A Pre Covid Steam Engine Rally
I thought it was time to see a Pre Covid Rally,just to jog every ones memory,and all the fun we use to have!
This is Mike Duck from The Hall & Duck Trust with our 1907 Patent 30 inch Motor mower,which was new to Somerset County Cricket Ground.The scene was the Late Bill McAlpines birthday bash.
Come on lets see more rally shots
That is a great shot of a great mower. I have done a couple of personal virtual displays which I have posted on the forum this year. I plan to do one on Christmas Eve and get another dozen mowers out weather permitting. It'll give members the chance to see some old mowers ' in the flesh' I hope you enjoy the photos when I post them. Regards Sean
Come on Sean
Its weekend lets have a preview,I'll dig some more out
This should get things started.
Well done Sean,
AS we both know a mower part for every season (or even company) a lovely rare beast,from the land of Robin Hood.A Mitchell I presume.
Mitchell's first came to the fore in 1926 when they won their section in the Motor mower trials held in Kew Gardens,for their Automo machine which was mainly made from parts under license from JP Mowers Leicester.The machine above dates to a later period of around 1934,though still rare as can easily be over looked as a bitsa.They did trial a hand machine but never took it to market.Most mainly sold to order.I also believe a gang mower was made by them as well.
Excellent, a Mitchell indeed. Believed to be the only one in existence. However when one says that sort of thing then hey presto ( another fine mower) fifteen turn up. It's an 18 inch example and as heavy as a depleted uranium keel ! Your knowledge yet again is superb - not bad for a Friday night in.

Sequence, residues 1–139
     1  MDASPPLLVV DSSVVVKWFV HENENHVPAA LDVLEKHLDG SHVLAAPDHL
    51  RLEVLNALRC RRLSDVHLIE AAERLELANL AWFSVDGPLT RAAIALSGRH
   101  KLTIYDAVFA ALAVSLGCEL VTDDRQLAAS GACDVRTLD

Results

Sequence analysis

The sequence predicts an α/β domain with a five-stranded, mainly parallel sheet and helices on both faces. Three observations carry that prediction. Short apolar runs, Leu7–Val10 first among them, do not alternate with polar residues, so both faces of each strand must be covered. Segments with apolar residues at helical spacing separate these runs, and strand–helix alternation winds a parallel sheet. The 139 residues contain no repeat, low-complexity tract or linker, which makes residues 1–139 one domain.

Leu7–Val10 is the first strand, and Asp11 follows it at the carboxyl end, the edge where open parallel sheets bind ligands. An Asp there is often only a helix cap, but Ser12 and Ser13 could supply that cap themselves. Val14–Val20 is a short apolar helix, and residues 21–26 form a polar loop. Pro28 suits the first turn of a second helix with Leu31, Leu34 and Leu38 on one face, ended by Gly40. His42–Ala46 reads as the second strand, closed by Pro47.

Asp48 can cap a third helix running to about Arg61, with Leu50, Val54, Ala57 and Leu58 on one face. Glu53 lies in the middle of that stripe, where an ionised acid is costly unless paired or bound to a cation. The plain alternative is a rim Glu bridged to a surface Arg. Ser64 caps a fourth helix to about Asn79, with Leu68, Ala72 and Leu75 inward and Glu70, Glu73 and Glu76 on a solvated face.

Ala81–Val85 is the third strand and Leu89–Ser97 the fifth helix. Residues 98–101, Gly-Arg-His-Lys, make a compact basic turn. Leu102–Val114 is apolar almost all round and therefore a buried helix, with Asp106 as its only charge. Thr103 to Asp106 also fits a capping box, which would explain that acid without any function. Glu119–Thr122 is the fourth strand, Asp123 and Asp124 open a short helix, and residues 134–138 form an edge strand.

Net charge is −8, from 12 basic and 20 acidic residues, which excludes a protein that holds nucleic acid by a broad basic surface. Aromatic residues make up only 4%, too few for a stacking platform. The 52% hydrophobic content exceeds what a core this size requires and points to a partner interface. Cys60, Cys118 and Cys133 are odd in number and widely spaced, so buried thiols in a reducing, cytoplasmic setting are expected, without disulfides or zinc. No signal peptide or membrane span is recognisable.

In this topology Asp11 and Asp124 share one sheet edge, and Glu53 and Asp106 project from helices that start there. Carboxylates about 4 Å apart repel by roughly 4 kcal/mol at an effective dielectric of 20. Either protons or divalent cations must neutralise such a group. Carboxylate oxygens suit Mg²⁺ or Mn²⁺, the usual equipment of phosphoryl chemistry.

Couple more for the album. To think this was sold to me as a Silens Messor lol
Its now a Saturday night in with a tipple of vintage port,after a very long day cutting a tree back that had grown around telecom cables for one of my clients.
Yes that's a nice machine but as you say not a Silens Messor,but close being the same company,I would say a late 1930's Multum in Parvo,but alas from the angle,I cannot work out its width.They did produce gear forms as well,which are more scarce.
I remember well many years ago leaving Christopher Proudfoot's house, in the dark one winter,travelling down the road to find a skip with a set of handles sticking out,and pulling out an early Green's gear driven Multum in Parvo. Just to put this story in context William Proudfoot is our editor,he was then in his Primary School year's,and yet now a proud Father!
Hi, yes mines a Madeira. The machine is indeed a Parvo 8 inch. All my other Parvos are cog driven so imagine my surprise when I came across this chain driven one. Are they a commonly found mower ?
I must contact Mr Proudfoot as he is a member. I have seen photos and articles about some of his collection and I understand he doesn't live far from me in Kent. Keep an eye out for my post on Christmas Eve and associated photos - all weather permitting. Sean
Hi yes the latter parvos which your picture shows,were more akin to chain rather than gear,which was pushed due to production costs.
Through years of manufacturing within the lawn mower industry,as well as their larger family agricultural machinery there were principals gained.The first principal was weight to cost.The heavier the machine the more raw materials had to be used pushing up the cost of engineering.Even as early as the 1870's Ransomes was using this principal for selling their ploughs.
Now as then there are and will always be fluctuations in raw materials for what ever the reason but between those peaks and troughs, many large companies had internal societies that they belonged to,to try and peg the market,we now know today this under other names,like insider dealing! Ransomes,Shanks, and Lloyds had this agreement in which the prices remained relative the same across the sizes of their individual machines,so it was up to the customer to purchase from the company they liked.However Greens never belonged to this grouping for other important issues in their history,so their way to market was predominantly via the Ironmonger trade.
There endeth my surman for this holy wet day they call Sunday!
Brilliant, as ever thanks for the information. Sean
Somerset County Cricket Club, eh? Is that what they used to put the spin into Ciderabad?